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opportunity of making, or is to be fetched from books and pamphlets not always at hand.

"The Rehearsal" was played in 1671, and yet is represented as ridiculing passages in "The Conquest of Granada" and "Assignation," which were not published till 1678; in "Marriage a-la-mode," published in 1673; and in "Tyrannic Love," in 1677. These contradictions shew how rashly satire is applied.

It is said that this farce was originally intended against Davenant, who, in the first draught, was characterised by the name of Bilboa. Davenant had been a soldier and an adventurer.

There is one passage in "The Rehearsal" still remaining, which seems to have related originally to Davenant. Bayes hurts his nose, and comes in with brown paper applied to the bruise; how this affected Dryden does not appear. Davenant's nose had suffered such diminution by mishaps among the women, that a patch upon that part evidently denoted him.

It is said likewise that Sir Robert Howard was once meant. The design was probably to ridicule the reigning poet, whoever he might be.

Much of the personal satire, to which it might owe its first reception, is now lost or obscured. Bayes probably imitated the dress, and mimicked the manner of Dryden: the cant words which are so often in his mouth may be supposed to have been Dryden's habitual phrases, or customary exclamations. Bayes, when he is to write, is blooded and purged; this, as Lamotte relates himself to have heard, was the real practice of the poet.

There where other strokes in "The Rehearsal" by which malice was gratified; the debate between Love and Honour, which keeps Prince Volscius in a single boot, is said to have alluded to the misconduct of the Duke of Ormond, who lost Dublin to the rebels while he was toying with a mistress.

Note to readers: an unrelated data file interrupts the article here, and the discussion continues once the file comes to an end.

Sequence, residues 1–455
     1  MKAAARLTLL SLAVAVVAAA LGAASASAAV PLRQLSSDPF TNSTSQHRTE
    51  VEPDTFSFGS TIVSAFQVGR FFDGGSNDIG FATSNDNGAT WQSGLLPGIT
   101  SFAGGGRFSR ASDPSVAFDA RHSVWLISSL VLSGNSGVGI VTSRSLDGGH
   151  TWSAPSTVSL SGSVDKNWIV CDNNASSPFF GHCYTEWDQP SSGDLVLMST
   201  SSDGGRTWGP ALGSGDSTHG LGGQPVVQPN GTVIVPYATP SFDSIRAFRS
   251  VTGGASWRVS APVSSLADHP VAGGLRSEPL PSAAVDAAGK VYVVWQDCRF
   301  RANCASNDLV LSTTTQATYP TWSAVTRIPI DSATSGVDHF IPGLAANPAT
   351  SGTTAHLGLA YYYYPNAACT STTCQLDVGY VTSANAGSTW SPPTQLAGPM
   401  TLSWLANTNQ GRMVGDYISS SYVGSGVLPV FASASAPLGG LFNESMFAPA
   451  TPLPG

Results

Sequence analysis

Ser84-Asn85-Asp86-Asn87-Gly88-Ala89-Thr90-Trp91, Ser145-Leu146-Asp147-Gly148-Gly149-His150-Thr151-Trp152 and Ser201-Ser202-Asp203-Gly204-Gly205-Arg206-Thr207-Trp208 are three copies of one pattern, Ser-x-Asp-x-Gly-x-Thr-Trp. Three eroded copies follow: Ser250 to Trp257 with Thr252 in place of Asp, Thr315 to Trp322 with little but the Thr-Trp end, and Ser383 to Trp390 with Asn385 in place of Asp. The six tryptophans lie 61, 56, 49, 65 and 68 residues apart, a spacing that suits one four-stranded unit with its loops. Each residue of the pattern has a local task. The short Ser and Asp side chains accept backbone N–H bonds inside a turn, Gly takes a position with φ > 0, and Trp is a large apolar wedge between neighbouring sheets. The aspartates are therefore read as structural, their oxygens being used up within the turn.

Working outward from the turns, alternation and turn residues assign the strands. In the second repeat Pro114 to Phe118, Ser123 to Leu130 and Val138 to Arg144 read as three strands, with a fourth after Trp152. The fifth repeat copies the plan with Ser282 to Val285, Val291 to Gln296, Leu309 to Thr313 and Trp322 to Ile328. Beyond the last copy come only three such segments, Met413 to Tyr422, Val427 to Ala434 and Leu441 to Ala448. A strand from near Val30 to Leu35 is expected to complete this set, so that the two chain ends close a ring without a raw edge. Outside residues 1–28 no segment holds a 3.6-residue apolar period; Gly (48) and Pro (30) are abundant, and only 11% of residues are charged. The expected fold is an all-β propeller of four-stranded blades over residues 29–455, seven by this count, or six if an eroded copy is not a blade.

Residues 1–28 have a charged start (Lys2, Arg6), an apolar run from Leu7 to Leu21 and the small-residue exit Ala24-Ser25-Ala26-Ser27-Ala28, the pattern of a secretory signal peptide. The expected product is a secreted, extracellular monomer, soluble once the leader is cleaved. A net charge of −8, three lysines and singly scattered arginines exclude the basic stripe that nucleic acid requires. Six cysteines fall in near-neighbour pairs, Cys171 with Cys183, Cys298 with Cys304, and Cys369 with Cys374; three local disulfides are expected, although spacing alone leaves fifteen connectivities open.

The Earl of Rochester, to suppress the reputation of Dryden, took Settle into his protection, and endeavoured to persuade the public that its approbation had been to that time misplaced. Settle was a while in high reputation; his "Empress of Morocco," having first delighted the town, was carried in triumph to Whitehall, and played by the ladies of the court. Now was the poetical meteor at the highest: the next moment began its fall. Rochester withdrew his patronage: seemingly

resolved, says one of his biographers, "to have a judgment contrary to that of the town;" perhaps being unable to endure any reputation beyond a certain height, even when he had himself contributed to raise it.

Neither critics nor rivals did Dryden much mischief, unless they gained from his own temper the power of vexing him, which his frequent bursts of resentment give reason to suspect. He is always angry at some past, or afraid of some future censure; but he lessens the smart of his wounds by the balm of his own approbation, and endeavours to repel the shafts of criticism by opposing a shield of adamantine confidence.